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Reminder from County: Bike Helmets are Required for Kids

Montgomery County is reminding residents that bike helmets are vital in preventing serious injuries, and county ordinance requires kids under 18 to wear helmets.

Montgomery County is reminding residents that bike helmets are vital in preventing serious injuries, and county ordinance requires kids under 18 to wear helmets. File|Patch
Montgomery County is reminding residents that bike helmets are vital in preventing serious injuries, and county ordinance requires kids under 18 to wear helmets. File|Patch
From a news release:

Montgomery County is reminding residents that bike helmets are vital in preventing serious injuries, and county ordinance requires kids under 18 to wear helmets. 

Helmets have been shown in studies to reduce the risk of head injury by 85 percent and the risk of brain injury by 90 percent. Nationally, only 15 percent of children bicyclists used bicycle helmets. Here are some points to consider when fitting a bike helmet on a child:

The helmet should sit on the child's head so that the front rim is just above the eyebrows. Use the two-finger rule - leave about two fingers width between your eyebrows and the front of the helmet. If the helmet rests on the back of the head, the forehead, nose and chin will be exposed.

Before buckling the chin strap, have children shake their head from side to side. The helmet should generally stay put. If it moves excessively, it's too big and won't protect the head no matter how tight the chin strap is pulled. The straps should be joined just under each ear at the jawbone.

When the chin strap is buckled, children should be able to open their mouth and feel the helmet press firmly against the top of their head.

Buy a new helmet. Helmets that have suffered even a single fall or have been exposed to heat for a long time (i.e., kept in the trunk of a car) lose the cohesion that keeps the helmet intact during impact.

Don't forget to set an example by wearing a helmet yourself!

Bike Safety and Bike Helmets

Montgomery County requires anyone under age 18 to wear a bicycle helmet when riding or being carried on a bicycle, including a bicycle with training wheels, on a public street, right-of-way, sidewalk or bicycle path in the county.

Children are 14 times more likely to survive a bike crash if they wear a helmet. Each year in the United States, about 250 children die in bicycle-related accidents, and about half a million are injured in bicycling accidents. Although it's estimated that 75 percent of the serious injuries could have been avoided if a helmet was worn, only about 20 percent of children in the United States wear a helmet.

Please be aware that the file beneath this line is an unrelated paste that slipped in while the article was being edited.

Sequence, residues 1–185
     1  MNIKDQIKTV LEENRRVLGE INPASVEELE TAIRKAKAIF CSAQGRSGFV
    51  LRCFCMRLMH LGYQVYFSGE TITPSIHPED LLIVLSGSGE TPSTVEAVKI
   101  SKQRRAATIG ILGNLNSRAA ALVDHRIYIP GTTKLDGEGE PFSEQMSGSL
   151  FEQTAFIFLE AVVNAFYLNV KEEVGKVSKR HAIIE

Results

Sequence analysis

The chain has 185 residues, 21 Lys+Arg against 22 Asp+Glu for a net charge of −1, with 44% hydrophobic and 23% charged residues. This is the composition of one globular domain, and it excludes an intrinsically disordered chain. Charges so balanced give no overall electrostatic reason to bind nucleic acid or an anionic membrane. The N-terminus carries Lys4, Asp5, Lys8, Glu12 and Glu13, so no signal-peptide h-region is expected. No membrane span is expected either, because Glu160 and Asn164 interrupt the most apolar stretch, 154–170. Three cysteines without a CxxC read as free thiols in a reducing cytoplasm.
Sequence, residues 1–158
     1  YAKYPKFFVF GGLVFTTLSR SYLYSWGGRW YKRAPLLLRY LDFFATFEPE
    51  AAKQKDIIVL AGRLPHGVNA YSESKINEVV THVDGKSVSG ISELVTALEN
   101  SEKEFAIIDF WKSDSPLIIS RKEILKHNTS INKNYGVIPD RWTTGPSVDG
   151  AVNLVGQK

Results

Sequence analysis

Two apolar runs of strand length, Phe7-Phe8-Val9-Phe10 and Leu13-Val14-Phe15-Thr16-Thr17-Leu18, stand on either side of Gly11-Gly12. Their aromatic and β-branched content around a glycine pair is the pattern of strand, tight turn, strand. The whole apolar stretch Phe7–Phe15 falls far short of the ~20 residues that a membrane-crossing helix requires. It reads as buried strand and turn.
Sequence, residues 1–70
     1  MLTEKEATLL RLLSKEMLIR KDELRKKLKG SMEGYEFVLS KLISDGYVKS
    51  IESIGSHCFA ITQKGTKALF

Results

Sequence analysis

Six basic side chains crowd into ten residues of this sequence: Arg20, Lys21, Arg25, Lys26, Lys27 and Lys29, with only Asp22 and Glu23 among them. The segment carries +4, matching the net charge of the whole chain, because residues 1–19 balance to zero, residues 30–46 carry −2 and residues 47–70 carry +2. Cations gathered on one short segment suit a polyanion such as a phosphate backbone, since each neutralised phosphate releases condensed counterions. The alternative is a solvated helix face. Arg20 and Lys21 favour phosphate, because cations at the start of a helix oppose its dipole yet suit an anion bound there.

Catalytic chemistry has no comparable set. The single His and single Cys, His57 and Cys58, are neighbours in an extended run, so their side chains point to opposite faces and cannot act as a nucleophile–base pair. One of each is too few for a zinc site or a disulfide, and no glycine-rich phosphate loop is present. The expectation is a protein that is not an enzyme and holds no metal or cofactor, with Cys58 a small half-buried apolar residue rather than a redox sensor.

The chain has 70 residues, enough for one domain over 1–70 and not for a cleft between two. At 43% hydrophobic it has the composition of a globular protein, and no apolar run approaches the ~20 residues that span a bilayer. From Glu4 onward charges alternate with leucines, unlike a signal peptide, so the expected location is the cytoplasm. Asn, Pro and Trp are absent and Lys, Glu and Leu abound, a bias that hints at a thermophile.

Get the Helmet to Fit Right

Step 1: Make sure the helmet fits firmly.

Helmets are sold with foam pads that differ in thickness to make the helmet fit firmly. Use the foam pads by attaching them to the inside of the helmet until the helmet fits firmly on your child's head. The helmet should not move around when shaken.

Step 2: Make sure the helmet sits level on the child's head.

This means the helmet should cover the top of the forehead, just above the eyebrows. Wearing the helmet too far back is a common mistake. You should be able to place just two fingers between the eyebrows and the front of the helmet. Take off anything that could change the way a helmet fits (baseball caps, big hair clips, headphones, etc.).

Step 3: Position the straps correctly.

All straps should be snug but still comfortable. Fix the side straps so that they fit around your child's ear in a V-shape. Adjust the buckles or slides on the side strap so that they are right under theear. Tighten the chin strap until you can fit just one finger between the strap and your child's chin. 

Check the fit of the helmet every time. Use the 2-V-1 finger test. Teach your child to do this test each time he gets ready to ride:

  • Two fingers above the eyebrows
  • V-Shape under each ear
  • One finger under the chin strap
  • Make sure that the helmet has a label to say that it meets safety standards, such as CSA, CPSC, ASTM, or Snell.

After taking a serious hit, helmets lose their capacity to absorb shock. They're designed so that the inner foam structure is altered by a very hard blow. 

If your child ever has a significant fall or hits any surface hard with the helmet, immediately replace the helmet. It is estimated that 75 percent of bicycle-related deaths among children could be prevented with a bicycle helmet. Wearing one should never be optional for your child.


MD June 10, 2014 at 02:48 PM
Another bad law....
jag June 10, 2014 at 05:14 PM
...joking?
dctenants June 11, 2014 at 01:59 PM
All bike riders should be required to wear a helmet.
Kayla garcia June 18, 2014 at 11:37 AM
Helmets are absolutely key for riding. However, also key is having a safe cycling partner. Madison Hartung was to be protection from predators and a companion cyclist. However, a recreation ride turned into disaster when Madison's companion followed her across a busy highway against the light. The companion should have refused to follow on that route. The companion should have never trusted Madison to cross at a safe time. As a result, the companion was severely injured, disabled, and disfigured. Even worse, Madison was traumatized. Madison was further affected by the other family's half dozen requests for Madison to acknowledge and encourage the physically injured cyclist. It is not Madison's problem that her companion trusted and followed her.

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